A former Mediaworks employee says a scathing 45-page review into the company culture has given her “no closure”, because alleged perpetrators of misconduct weren’t named.
The report conducted by Maria Dew QC was compiled from interviews with 100 current staff, 25 former staff and one young woman who was a guest at a MediaWorks promotional event in 2019. The review also gathered information from 483 current MediaWorks staff through a confidential survey.
It found a raft of failings at the company, including problems with sexual harassment, racism, bullying and pay equity, as well as a failure by senior management to deal with some of those problems.
There were also six sexual assault allegations - four serious allegations of sexual assault on women in the last three years and two historic sexual assault allegations.
Sarah* shared allegations of serious bullying with 1 News in May. She says she feels the report “is all for show”.
“As a past employee whose self-worth, confidence and career was destroyed at that company, it gives me no closure.”
Other former staff say they’re worried about accountability. Former worker Matt* believes Mediaworks already knew about the issues addressed in the report.
“A handful of issues recited in the report including accounts of a “Boys Club”, abuse of alcohol, drugs and bullying in the workplace will not come as a surprise to most current and former staff. What upsets me as a former staff member is knowing that people alluded to in the report may very well continue unscathed.
“... without being held publicly accountable I have little hope that the people who have and are currently doing wrong will face the consequences they deserve.”
Casey* claims “there are bullies in managerial positions employed there who have driven people out of jobs and it will be interesting to see if anything comes from this report”.
1 News has also spoken to a former Mediaworks executive. They say while they have faith in new CEO Cam Wallace, the review was “a long time coming”.
“What was in the report was very concerning and confronting. We weren’t aware of the scale and size and how deep these issues were.”
“It’s proven the business has been left for too long in the wrong hands, management’s focus was more about themselves than the people in the company - that’s where things can go dramatically wrong”.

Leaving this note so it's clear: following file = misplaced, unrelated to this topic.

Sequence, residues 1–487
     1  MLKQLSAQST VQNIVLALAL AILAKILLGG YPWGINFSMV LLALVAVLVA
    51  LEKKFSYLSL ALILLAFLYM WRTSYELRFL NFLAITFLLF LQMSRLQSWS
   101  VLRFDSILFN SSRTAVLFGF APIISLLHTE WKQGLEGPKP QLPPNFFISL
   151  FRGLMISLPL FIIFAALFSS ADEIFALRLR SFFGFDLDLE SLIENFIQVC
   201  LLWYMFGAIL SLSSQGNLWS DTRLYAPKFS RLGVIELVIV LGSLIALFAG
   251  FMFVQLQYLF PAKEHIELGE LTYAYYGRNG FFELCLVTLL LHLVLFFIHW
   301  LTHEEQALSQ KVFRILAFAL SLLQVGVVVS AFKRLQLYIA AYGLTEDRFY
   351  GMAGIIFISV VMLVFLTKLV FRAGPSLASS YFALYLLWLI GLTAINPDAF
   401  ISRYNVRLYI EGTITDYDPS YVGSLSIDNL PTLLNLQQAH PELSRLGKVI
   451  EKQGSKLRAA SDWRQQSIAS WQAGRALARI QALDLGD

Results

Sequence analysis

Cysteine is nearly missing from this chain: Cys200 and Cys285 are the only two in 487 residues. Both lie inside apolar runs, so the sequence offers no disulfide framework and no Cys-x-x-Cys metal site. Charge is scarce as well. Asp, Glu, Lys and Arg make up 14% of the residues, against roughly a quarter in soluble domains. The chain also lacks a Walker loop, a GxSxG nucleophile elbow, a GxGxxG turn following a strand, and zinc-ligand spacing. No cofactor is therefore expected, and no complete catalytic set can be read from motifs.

A current staffer told 1 NEWS she has little confidence the report will make a significant difference to Mediaworks’ culture.
"There are people in the executive team who aren't capable of creating change. There's not the competence or the expertise or the clout to make that happen. There's also a lack of trust in that team from the majority of staff in the company."
AUT’s head of radio Matt Mollgaard says the report is “grim”.
“I think the ‘boys’ club’ was really concerning. That shows there's been a level of mismanagement for a while and that hasn’t been addressed. If people genuinely feel there’s a boys’ club, and they can’t get ahead, and problems will be squashed by the boys ‘club, then you’ve got a real problem that needs to be fixed.”
He says students wanting to get into the industry will “choose with their feet”.
“We try our very best to make sure students are aware of any issues we know of. We want our students to go into safe places. At the moment it looks like Mediaworks isn’t that safe.”
Media commentator Gavin Ellis says he’s concerned about the lack of accountability, pay equity issues and racism highlighted in the report.
“The gender imbalance, particularly in pay, where the median gap between male and female employees is almost twice the national median, they have to address that urgently, and also the suggestion that they really pay little more than lip service to Te Ao Māori. That’s really another area they need to look to as well.”
Ellis added that Mediaworks isn’t the only company that would benefit from taking a hard look at their culture.
“This review is really a signal to every organisation in the media to look to their own houses. Don’t just say ‘Mediaworks has been hit with a scathing report’, but look inwards and look at your own cultures because the media industry in some shape or form can see pieces of this report resonating in their own workplace.”
A MediaWorks spokesperson said CEO Cam Wallace would not be available for an interview on the findings of the review, saying “Cam's focus will be on our people”.
In a statement posted on the MediaWorks website, Wallace says the company will develop an action plan around implementing the recommendations from the independent workplace review, which will be released in spring.
“We are mindful that generating culture change takes time and this review is an important step in a process for MediaWorks which is already underway. The executive team has recently been working with staff to establish a company vision, purpose and values, along with our business strategy, and we look forward to rolling this out soon.
“Other work underway includes a review of all employment policies, including the MediaWorks Code of Conduct and a programme of respect training workshops to address some of the issues raised in the review. These will be implemented in the final quarter of the year. I am confident in the direction we are heading in to build a culture at MediaWorks which is modern and contemporary.”
*Names have been changed
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